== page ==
After clean-up, the city will put in place an annual maintenance program to avoid costly future clean-ups.
The city also looked at a change that expands the hours that fireworks discharge is allowed on the Fourth of July, 9 a.m. to midnight, the same as North Bend. A vote is set for March 11.
The old time was 6 to 11 p.m. on July 4.
The new ordinance also allows fireworks from 10 p.m. to 12:30 p.m. on New Year's Eve.
Snoqualmie Fire Chief Bob Rowe brought up the city's two newest firefighters, Adam Thalhofer and Ethan Glynn.
The two men moved to Snoqualmie to pursue careers, and they're the first graduates of Snoqualmie's new recruiting program that emphasizes medical training first. Nearly 80 percent of the city's call volume is medical calls.
Glynn and Thalhofer passed the entrance exam, and spent four months becoming emergency medical technicians.
"Now, they are being launched into service in the community," Rowe said.
The council amended its contract with the Snoqualmie Valley Chamber of Commerce for economic development services.
The 2012 contract paid the chamber $3,750 a month for services that included recruitment and assisting local business. The new contract pays the chamber $1,000 a month, and removes recruitment from the chamber's slate of responsibilities.
"What we have now is the chamber back to their core competence, with business retention and some development," said councilwoman Maria Henriksen, who moved to approve, seconded by Kathi Prewitt.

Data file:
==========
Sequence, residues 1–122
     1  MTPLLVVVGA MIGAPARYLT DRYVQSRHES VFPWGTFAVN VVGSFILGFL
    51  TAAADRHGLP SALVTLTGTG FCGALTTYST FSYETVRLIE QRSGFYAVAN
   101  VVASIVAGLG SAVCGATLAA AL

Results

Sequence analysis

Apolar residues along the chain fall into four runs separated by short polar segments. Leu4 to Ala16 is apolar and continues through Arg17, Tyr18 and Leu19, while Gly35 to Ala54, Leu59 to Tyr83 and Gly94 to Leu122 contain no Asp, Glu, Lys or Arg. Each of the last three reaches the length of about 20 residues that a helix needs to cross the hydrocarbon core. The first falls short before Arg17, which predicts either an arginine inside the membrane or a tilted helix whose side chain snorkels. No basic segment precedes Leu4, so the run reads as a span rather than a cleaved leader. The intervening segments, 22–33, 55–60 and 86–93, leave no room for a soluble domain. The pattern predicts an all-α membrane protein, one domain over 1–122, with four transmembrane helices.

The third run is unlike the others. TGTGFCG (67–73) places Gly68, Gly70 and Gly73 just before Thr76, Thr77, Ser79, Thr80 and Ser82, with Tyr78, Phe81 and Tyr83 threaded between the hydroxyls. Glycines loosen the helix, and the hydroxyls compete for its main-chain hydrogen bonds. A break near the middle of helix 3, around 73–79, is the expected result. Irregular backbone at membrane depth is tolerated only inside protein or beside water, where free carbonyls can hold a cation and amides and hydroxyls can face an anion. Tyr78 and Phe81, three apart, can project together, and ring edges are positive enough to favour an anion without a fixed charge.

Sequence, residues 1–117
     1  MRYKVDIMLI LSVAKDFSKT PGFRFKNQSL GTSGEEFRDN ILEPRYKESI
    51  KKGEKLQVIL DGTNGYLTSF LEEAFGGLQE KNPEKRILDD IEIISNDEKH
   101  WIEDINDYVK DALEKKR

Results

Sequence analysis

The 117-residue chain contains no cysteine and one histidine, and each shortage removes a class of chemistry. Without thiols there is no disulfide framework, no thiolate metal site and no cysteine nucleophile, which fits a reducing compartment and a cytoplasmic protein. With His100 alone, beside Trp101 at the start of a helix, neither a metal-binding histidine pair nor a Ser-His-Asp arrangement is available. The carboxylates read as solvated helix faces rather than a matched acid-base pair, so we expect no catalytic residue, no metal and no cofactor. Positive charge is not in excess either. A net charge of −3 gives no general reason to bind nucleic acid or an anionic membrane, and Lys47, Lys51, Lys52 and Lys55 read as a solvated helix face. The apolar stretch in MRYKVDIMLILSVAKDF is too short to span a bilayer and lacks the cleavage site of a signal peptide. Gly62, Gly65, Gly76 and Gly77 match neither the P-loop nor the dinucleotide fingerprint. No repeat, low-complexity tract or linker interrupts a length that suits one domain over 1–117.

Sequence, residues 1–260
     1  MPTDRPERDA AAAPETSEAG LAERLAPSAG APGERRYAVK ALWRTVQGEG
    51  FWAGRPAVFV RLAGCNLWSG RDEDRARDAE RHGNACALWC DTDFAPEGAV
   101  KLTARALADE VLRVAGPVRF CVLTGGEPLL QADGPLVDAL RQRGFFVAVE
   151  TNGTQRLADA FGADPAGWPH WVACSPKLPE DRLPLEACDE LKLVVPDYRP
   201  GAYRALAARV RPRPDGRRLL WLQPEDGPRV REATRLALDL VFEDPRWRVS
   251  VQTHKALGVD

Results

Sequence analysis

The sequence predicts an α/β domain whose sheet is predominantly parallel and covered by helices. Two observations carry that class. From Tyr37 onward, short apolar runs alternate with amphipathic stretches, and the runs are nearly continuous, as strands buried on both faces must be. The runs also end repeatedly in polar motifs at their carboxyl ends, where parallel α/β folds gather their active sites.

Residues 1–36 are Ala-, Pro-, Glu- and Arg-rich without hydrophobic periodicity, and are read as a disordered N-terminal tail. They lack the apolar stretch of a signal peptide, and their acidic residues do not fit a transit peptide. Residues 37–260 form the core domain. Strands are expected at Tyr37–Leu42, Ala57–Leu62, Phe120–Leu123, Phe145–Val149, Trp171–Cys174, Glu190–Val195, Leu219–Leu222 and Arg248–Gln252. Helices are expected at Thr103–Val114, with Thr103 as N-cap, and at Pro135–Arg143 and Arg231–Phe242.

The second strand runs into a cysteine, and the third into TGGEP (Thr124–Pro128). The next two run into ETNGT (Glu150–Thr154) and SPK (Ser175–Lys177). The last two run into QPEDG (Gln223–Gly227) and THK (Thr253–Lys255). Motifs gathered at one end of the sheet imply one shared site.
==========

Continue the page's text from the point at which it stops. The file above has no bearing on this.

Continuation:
Chamber interim co-director Ross Bentley said the contract better defines chamber responsibilities.
"If there was a challenge last year," Bentley said, it was that "It was hard for us to say, we did that, we didn't do that."
The agreement charges the chamber's executive director with recruiting, retaining and expanding business and tourism in the city.
The chamber is expanding to meet one on one with business owners to make sure they are being promoted and supported, said Henriksen.
Bentley, who is splitting chamber leadership duties with Danny Evatt, said that after meeting with local merchants, "We see huge potential."
The amended contract sunsets in two years.
In other business, Matt Hansen, King County Metro Transit's supervisor for market development, briefed the council on the new direction being taken in Valley transit.
Hansen unveiled Metro's plans for a demonstration project, which include local service changes, aimed at making bus service better and more efficient.
"One size doesn't fit all," said Hansen.
Changes in Snoqualmie include putting all-day bus service in place in Snoqualmie, on Route 215, which connects North Bend and Snoqualmie with parts west.
Metro proposes speeding up 215 by eliminating the connection to the Issaquah Transit Center.
Peak service on route 209, between North Bend, Snoqualmie, Fall City and Preston will be kept.
In the lower Valley, Metro is proposing a completely new connector between Fall City and Duvall: Contracting out the service to drivers, using vehicles other than buses.
"There's a wide variety of vehicles that have lower costs to operate," Hansen said.